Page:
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Organic material sets luminescent record

Persistent glowing material could find applications in road paints and street signs

by Stu Borman
October 5, 2017 | A version of this story appeared in Volume 95, Issue 40

Photos of films of TMB and PPT constituents and a TMB+PPT mixture shows that the latter glows in the dark.
Credit: Ryota Kabe
Films (1 cm2) of PPT, a TMB/PPT mixture, and TMB sit under weak ambient light (top). The mixture is also shown in the dark after getting excited by UV light. Only the TMB/PPT combination film glows in the dark.

A new glow-in-the-dark organic material emits light for over an hour at room temperature when excited by ultraviolet or visible white light (Nature 2017, DOI: 10.1038/nature24010). The achievement is a new record, as other luminescent organic materials glow for at most a few minutes.

The new material’s long-lasting glow is an “extraordinary” finding, says photomaterials specialist Runfeng Chen of Nanjing University of Posts & Telecommunications, who was not involved in the work. Daniel Scherman of Paris Descartes University, who has developed nanophosphors for biological imaging applications, agrees and believes that the material could spark industrial interest. Potential applications include glow-in-the-dark paints for illuminating building corridors, roads, and street signs; glowing fabrics and windows; and biocompatible probes for biological imaging.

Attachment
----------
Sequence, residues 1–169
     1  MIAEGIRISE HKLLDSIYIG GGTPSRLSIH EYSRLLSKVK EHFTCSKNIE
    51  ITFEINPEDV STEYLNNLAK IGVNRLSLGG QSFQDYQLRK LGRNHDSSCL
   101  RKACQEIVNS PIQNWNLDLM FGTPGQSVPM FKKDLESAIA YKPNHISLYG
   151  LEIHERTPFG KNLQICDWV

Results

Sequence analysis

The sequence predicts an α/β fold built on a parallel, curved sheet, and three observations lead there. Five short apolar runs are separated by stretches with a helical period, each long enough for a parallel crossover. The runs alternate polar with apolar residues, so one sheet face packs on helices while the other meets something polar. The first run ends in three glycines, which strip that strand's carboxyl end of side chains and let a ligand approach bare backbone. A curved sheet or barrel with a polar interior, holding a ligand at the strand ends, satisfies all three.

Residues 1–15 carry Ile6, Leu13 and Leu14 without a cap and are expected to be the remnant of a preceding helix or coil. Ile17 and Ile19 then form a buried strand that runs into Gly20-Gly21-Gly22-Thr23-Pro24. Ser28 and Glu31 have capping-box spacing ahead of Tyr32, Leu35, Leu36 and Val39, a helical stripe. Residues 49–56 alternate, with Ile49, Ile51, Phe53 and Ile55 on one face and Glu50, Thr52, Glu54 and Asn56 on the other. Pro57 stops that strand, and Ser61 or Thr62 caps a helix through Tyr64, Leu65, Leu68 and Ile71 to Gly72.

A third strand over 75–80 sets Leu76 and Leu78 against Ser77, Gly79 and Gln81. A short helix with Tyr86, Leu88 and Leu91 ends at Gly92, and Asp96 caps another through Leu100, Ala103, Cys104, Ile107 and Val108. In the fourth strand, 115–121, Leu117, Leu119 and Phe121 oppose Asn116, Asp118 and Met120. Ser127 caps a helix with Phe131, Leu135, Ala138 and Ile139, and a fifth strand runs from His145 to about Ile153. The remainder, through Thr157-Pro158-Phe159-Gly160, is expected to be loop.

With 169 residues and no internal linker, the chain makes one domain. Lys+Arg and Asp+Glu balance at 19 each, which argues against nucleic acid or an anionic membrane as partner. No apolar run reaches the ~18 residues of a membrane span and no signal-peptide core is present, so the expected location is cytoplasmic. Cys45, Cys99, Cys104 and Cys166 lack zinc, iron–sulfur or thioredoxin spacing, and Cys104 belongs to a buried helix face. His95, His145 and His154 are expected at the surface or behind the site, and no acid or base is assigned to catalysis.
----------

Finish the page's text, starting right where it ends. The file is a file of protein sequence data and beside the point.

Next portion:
To make the new materials, Ryota Kabe and Chihaya Adachi of Kyushu University’s Center for Organic Photonics & Electronics Research melted together the electron donor N,N,N´,N´-tetramethylbenzidine (TMB) and the electron acceptor 2,8-bis(diphenylphosphoryl)dibenzo[b,d] thiophene (PPT). When PPT absorbs incident light, the energy creates an isolated electron and a corresponding positive charge, or hole. While the hole transfers to TMB, the electron jumps from one PPT molecule to another, getting passed around like a hot potato. The electron eventually recombines with the hole on a TMB molecule, causing light emission. Some electrons recombine quickly with a hole, but many remain isolated for a long time, causing the glow to persist for over an hour after the excitation light has been turned off. The material currently emits green light, but the researchers believe other colors will be readily accessible.

Luminescent inorganic materials that glow for long times—typically more than 10 hours but up to 360 hours in one extraordinary case—are widely used commercially on watches and signs. But they are not transparent, are rigid and insoluble, and require fabrication temperatures of over 1,000 °C.

The new material is transparent and potentially flexible, although flexibility was not achieved in this initial study. It is also soluble in organic solvents and does not require high-temperature processing.

Despite these advantages over inorganic luminescent materials, the organic material’s visible excitation is weak and could use improvement, says photonics materials expert Jianrong Qiu of South China University of Technology.

The new material is also sensitive to oxygen and water, Kabe and Adachi say. But they think transparent protective barriers could protect the material from exposure. In future work, they hope to create new versions of the material with improved properties.



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